Harry Potter and the Deathly Hallows: Part Two (2011)

There’s a tendency to think of film as a superior medium or art form to television. To think of it as (mostly) having more integrity. While this may be true to an extent, one arena where film simply can’t compete is in subtle, measured character development. TV shows like Six Feet Under or Breaking Bad utilize their serial nature to not only develop characters within episodes, but across immense, series-long journeys. Film rarely has the ability or opportunity to challenge TV in this regard, which is what (among many, many other things) makes the Harry Potter franchise so unique. While the films have created a truly remarkable reality from the internationally-celebrated source material, it is our personal investment in the journey that matters most. Watching these characters grow together, learn, experience hardship and be heroic is a nearly unparalleled experience, and in the latest and last, Harry Potter and the Deathly Hallows: Part Two, that experience closes in an at once immensely satisfying and desperately harrowing finale.

After a brief dramatic re-up, Part Two picks up directly where Part One left off: on a hidden beach with our three heroes and a few stragglers. Harry (Daniel Radcliffe), Ron (Rupert Grint) and Hermione (Emma Watson) are still in search of horcruxes, and still grasping with fingernails at any piece of significant information. This desperation leads them to a break in of the Wizard World’s Gringotts Bank, complete with dramatic escape. And just like that, Act One is over, and we find our protagonists on their way back to Hogwarts. This return to their old stomping grounds brings them to Neville Longbottom (Matthew Lewis) and his rebel group of young wizards, and comes complete with an ovation that seems directed more towards the majestic old school than the three heroes. Upon his arrival, Harry sets in motion a devastating battle where lives are lost, legends are born, and The Boy Who Lived must face his villain Voldemort (Ralph Fiennes) in an emotionally grueling stand off.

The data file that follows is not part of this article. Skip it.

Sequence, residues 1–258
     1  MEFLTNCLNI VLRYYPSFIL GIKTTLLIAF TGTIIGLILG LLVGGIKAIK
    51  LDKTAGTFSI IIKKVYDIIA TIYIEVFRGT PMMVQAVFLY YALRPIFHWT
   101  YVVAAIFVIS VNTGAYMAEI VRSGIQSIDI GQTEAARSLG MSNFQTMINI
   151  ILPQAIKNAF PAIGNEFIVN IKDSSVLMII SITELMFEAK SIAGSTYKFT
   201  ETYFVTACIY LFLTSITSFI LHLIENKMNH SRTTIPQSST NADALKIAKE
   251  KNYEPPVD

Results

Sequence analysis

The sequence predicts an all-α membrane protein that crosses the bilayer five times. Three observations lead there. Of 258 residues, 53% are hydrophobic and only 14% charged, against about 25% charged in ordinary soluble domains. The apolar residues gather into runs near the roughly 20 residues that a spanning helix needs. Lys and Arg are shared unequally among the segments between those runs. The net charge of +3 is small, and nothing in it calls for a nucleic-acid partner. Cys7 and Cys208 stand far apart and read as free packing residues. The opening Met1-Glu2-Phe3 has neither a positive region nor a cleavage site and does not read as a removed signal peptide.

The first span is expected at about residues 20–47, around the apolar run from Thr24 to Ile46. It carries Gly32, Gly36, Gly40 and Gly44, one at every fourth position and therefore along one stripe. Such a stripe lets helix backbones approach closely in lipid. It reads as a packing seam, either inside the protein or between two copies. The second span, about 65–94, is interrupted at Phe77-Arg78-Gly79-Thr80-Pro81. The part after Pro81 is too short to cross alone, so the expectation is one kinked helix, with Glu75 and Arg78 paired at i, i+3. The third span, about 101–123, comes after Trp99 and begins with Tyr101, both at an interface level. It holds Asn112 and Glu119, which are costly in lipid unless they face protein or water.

The strangest thing about the Harry Potter films, particularly towards the beginning, is the shifting tone. This is almost certainly due to the likewise shifting directors, with Chris Columbus helming the first two as syrupy kids’ movies, Alfonso Cuarón taking the third into a Burton-esque puberty, Mike Newell making his stamp on a pretty solid fourth film, and David Yates spectacularly ending the octilogy. Yates contribution to the Harry Potter films cannot be depreciated. Not only did he direct half of them, but he seamlessly brought the films to a realm of adulthood that is, not just more interesting, but necessary and hugely important to the story. While Book One of the series finds Harry Potter learning to fly a broomstick and playing with chocolate frogs, Book Seven deals with death in no small capacity. To be clear, lots of people die in this movie. Handling that sort of weight, while maintaining an atmosphere which never strays far from its roots is nothing short of remarkable. Watching this final film, you come to the conclusion that Yates isn’t simply a good director, but one who fully understands these characters and the world they reside within and the journey they’re completing. He tempers his darkness with light comedy, a choice which could have fallen flat but ends up working perfectly; we care so deeply for these characters and simply aren’t interested in a crucible. Yates knows all this, and his superb caretaking has lead to his best film yet.